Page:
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I was listening to the program Tapestry on CBC radio on Sunday and there was a fascinating guest on. His name is Robert Hoge and he was born with a facial tumor.

His eyes were shifted dramatically to each side of his face and his mother was shocked to see her newborn baby boy and wondered what life would be like for him. His parents did their best to raise him as a normal child and he underwent a series of painful operations to make him as acceptable as possible to society.

Robert sounds like a well-grounded and intelligent man who understands the price of being or looking different and has written a book about it called "Ugly: My Memoir". Even now grown men and women will ask him questions without the slightest bit of tact. Some are genuinely curious and don’t mean any harm while others are simply cruel.

He has two daughters who love him and he expected that one day one or both would come to a stage where they would be embarrassed by him. It never happened.

But still, we live in a world where you must develop a sense of yourself and become as immune as you can to the slings and arrows that you will face.

I myself learnt this lesson early because I was born with a defect of the ears which had them jug out and as result I was insulted by children and adults alike until I had an operation at the age of 7 to correct them. The education in the mean spirited nature of some people probably helped keep my dysphoria a secret all the longer because I feared rejection.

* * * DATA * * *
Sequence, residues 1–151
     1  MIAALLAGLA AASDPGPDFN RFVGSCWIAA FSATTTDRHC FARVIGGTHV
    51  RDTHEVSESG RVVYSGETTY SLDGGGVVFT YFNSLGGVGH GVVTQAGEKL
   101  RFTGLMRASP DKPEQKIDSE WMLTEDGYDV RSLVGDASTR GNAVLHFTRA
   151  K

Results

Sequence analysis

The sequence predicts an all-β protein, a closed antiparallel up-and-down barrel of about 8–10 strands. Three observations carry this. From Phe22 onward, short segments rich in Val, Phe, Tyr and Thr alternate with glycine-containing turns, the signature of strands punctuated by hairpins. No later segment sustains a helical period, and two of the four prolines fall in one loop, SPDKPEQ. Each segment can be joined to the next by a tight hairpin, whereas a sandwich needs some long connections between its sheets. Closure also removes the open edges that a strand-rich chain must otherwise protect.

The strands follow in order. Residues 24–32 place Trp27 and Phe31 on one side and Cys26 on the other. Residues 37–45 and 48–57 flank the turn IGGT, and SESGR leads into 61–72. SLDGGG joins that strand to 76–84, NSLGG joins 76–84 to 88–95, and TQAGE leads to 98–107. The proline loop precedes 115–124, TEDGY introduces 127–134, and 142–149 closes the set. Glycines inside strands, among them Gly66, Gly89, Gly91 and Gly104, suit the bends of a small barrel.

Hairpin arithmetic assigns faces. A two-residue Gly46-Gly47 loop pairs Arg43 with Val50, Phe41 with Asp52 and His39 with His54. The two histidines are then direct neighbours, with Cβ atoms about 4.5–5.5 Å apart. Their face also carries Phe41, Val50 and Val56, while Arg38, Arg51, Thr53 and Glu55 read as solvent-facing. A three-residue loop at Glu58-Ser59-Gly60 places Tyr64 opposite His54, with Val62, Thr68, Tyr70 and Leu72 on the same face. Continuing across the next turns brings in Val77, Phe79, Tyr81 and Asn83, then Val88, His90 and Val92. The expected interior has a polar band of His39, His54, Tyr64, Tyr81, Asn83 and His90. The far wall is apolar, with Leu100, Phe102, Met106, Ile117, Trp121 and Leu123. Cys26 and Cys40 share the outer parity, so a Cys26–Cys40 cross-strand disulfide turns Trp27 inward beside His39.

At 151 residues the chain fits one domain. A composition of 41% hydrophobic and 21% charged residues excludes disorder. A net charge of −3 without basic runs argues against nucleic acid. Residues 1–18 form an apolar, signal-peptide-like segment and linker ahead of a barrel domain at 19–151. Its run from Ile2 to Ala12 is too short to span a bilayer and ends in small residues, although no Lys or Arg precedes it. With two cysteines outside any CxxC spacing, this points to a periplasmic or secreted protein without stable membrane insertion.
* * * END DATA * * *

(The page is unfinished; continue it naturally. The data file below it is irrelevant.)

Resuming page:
Today both my children love me for who I am and that is all we can hope for and regardless of what the world thinks of you, it is important that this internal respect for your dignity as a human be your guiding compass and never mind what the world thinks.

I know Robert doesn’t.


  1. Good post, good point.

    Most humans are insecure and rely heavily on the opinions of others. But when you're visibly different and subject to ridicule, you have to deal with that one way or another. When you're different but not obviously so, you get to choose whether or not to expose yourself to opprobrium. Thanks for sharing your struggle with both.

    My reaction to being transgender was, at an early age, to reject the opinions of others. From ages 10-13 I deeply studied the issue and realized even experts didn't understand this condition -- and the average person was clueless. I knew in my heart there was nothing wrong with me so their judgment (individually or collectively) was meaningless.

    1. You are welcome and I wish I had been as fortunate as you in understanding myself sooner. I fought back very hard against being transgender and wasted many years of energy. I have become as educated on this issue as one can get and have come to your same conclusion.

      What i fight against now is ignorance and the academic hubris of the "so called" experts who presume they understand what makes us tick but clearly do not.

      In that sense my blog is mostly about justice and tolerance for all.


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